Episode 2 — Bodies, Autonomy, and Storytelling

In this episode we talk to Shubha Kayastha, the Co-Founder of Body & Data, a Nepal based organisation that works to provide an understanding of digital rights among women, queer people and disabled people. Their work seeks to build a just and safe digital space through knowledge building, information dissemination and movement building.

In this episode, we speak about the importance of storytelling in building communities and collectives around digital rights and the ways in which understandings can be built in contextually relevant ways. We explore the challenges of working at the interface of gender and technology, and in particular the implications that this has both within the digital rights field and beyond. Shubha discusses projects of Body & Data including a recent publication titled Beyond Access, which explores how women and queer people with disabilities express themselves and their sexuality online.

Body & Data has mapped laws related to online gender-based violence in Nepal. You can see the infographic in English and Nepali here. You can learn more about Body & Data and their publications and projects here.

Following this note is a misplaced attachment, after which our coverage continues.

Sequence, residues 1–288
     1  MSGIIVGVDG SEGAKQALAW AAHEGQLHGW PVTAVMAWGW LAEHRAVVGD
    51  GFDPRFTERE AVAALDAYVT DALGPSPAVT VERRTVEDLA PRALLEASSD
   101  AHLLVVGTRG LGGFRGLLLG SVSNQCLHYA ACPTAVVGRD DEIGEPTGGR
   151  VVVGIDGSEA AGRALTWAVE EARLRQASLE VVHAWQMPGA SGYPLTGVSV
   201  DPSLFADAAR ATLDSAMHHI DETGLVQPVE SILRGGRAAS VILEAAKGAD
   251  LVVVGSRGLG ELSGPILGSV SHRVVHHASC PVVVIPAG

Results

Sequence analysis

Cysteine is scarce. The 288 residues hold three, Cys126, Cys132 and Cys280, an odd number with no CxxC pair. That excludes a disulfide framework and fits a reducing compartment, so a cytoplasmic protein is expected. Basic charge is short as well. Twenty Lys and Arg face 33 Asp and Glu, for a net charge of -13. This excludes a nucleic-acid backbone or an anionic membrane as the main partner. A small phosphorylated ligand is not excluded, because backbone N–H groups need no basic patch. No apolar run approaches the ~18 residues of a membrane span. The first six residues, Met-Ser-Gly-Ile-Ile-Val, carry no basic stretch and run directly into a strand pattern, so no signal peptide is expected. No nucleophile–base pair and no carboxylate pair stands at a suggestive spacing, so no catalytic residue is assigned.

About the project

Places and populations that were previously digitally invisible are now part of a ‘data revolution’ that is being hailed as a transformative tool for human and economic development. Yet this unprecedented expansion of the power to digitally monitor, sort, and intervene is not well connected to the idea of social justice, nor is there a clear concept of how broader access to the benefits of data technologies can be achieved without amplifying misrepresentation, discrimination, and power asymmetries.

We therefore need a new framework for data justice integrating data privacy, non-discrimination, and non-use of data technologies into the same framework as positive freedoms such as representation and access to data. This project will research the lived experience of data technologies in high- and low-income countries worldwide, seeking to understand people’s basic needs with regard to these technologies. We will also seek the perspectives of civil society organisations, technology companies, and policymakers.